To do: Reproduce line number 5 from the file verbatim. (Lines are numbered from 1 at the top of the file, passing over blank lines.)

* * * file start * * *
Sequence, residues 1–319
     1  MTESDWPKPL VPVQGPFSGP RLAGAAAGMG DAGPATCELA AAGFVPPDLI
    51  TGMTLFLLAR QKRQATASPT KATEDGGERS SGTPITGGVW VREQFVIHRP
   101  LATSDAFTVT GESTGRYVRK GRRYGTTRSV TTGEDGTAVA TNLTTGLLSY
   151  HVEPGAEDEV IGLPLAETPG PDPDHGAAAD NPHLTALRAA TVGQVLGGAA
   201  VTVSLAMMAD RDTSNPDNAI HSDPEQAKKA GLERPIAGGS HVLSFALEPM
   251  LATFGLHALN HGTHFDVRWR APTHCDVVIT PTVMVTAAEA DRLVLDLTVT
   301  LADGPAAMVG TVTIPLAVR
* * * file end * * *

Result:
   151  HVEPGAEDEV IGLPLAETPG PDPDHGAAAD NPHLTALRAA TVGQVLGGAA